Hotels in Playa del Carmen
The ancient cities all along
Quintana Roo’s coast bear silent witness to the presence of the Mayan Culture
starting from as early as 200 AD and reaching the height of its splendor in the
Post Classic Period (900-1200 AD). In the Maya were great navigators and skilled
merchants and their coastal trading ports were strategically located to serve
the intense trade activity between civilization from the Gulf of Mexico to
Honduras and Panama.
The walled city of Tulum
faces the horizon atop a cliff in front of the waste turquoise sea. Known as
‘Zama’ or ‘sunrise’ in Maya, it was a major religious center and thriving
trading port that received vast numbers of canoes filled with merchandise: salt’
sacred feathers, jadeite, honey, dyes, and other goods to be distributed to the
interior of their territory.
South of Cancun, the Riviera Maya is set between pristine white beaches and jade
green jungle. Here in Playa del Carmen visitors can stop at the ruins of Xaman-Ha,
some elegant temples scattered amongst the modern day deluxe residential zone of
Four miles further south is Xcaret, the ancient city of Pole, at one time one of
the most important ports and ceremonial centers of the eastern cost of the
Pilgrims stopped to purify themselves in the sacred water of the city’s cenote
before leaving on their journey to the neighboring island of Cozumel. Although
the site is located inside the theme park of the same name, you don’t have to go
trough the park to visit the ancient city.
Xel-Ha, ‘where the water is born’ in Maya, was also a major port. Its ceremonial
center consist of five groups of building and palaces connected by sacbes
(‘white roads’). A few walls still preserve some wonderful paintings of regional
birds, handprints and the rain god, Chaac, amongst other motifs.
Today, the small bay in the shadow of the main structure (El Castillo), welcome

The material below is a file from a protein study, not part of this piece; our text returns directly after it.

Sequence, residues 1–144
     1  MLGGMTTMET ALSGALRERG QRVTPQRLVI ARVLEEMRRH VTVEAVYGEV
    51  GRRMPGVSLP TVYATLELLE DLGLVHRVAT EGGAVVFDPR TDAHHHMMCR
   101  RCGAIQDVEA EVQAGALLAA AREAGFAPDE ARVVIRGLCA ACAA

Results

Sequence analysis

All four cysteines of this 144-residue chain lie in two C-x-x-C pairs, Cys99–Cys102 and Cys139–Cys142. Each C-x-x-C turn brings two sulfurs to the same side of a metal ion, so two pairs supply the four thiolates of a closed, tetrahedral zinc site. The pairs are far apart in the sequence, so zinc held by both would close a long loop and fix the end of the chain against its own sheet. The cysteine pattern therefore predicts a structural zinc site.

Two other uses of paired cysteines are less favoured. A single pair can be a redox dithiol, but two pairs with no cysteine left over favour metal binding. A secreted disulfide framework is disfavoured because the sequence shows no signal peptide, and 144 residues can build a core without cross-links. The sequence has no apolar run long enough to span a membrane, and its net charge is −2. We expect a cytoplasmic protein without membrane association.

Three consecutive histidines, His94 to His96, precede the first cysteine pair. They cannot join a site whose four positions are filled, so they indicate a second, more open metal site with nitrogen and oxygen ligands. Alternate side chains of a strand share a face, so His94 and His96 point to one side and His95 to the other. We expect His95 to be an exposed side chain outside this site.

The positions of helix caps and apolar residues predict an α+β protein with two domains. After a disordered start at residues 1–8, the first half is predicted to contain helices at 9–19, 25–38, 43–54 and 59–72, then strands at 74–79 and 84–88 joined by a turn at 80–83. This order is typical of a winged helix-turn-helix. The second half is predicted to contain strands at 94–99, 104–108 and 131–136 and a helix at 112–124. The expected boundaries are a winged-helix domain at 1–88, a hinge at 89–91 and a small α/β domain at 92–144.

visitors to a refreshing swim after exploring the beautiful site. Both El
Castillo and the Temple of the Descending God are decorated with upside-down
stucco figures of Ab Muzen Cab, associated with the Bee god, a recurring theme
throughout the site. The temple of the Frescos is a good example of a Classic
Period Mayan architecture.
Its blue fresco paintings speak of the three worlds of Mayan cosmology – The
Underworld, The Earthly, and the Celestial Planes – and of their principle
Some 25 miles inland from Tulum is the very ancient Mayan city of Coba, which
rises up between five placid lakes hidden in the vibrant green tropical jungle.
At the height of its splendor, the city covered over 44 square miles territory
and was home to some 50,000 people. It rivaled Tikal (Guatemala) – with each
maintained close commercial ties – in importance. Coba exercised economic
control over the region through a complex networks of sacbes, one of which
connected to Yaxchuna, 60 miles away, the longest of these roads found to date
in Mundo Maya. The city is composed of several groups of buildings: Coba, Chumuc
Mul, Nohoch Mul, Las Pinturas, Macanxoc and Kukulcan are some of them. The site
is so extensive the staff park have provided bicycles and tricycles to enable
visitors to reach all the groups. The view extending into the horizon from the
top of Nohuch Mul – a 138 feet the tallest pyramid in the Northern Yucatan
Peninsula - is breathtaking.
In the shadow of tall Pich and Flame trees, the pyramids at Muyil welcome
visitors with the chirping of dozens of birds feeding in the surrounding
fruit-laden orange and guanabana trees. The ancient city’s main, ‘El Castillo’,
rises some 56 feet from the jungle floor. It is very similar in style to the
pyramids in Tikal (Guatemala)and has a curious hollow tower at the top. One of
the doorways found here still has its zapote hardwood lintel and above this are
some lovely stucco moldings of cranes. More than 260 jadeite and shell
ornamental pieces were found at Mujil, a major port of entry for goods destined
for inland communities during the Post Classic Period. Some sacbes lead directly
to a lagoon situated about ˝ miles away.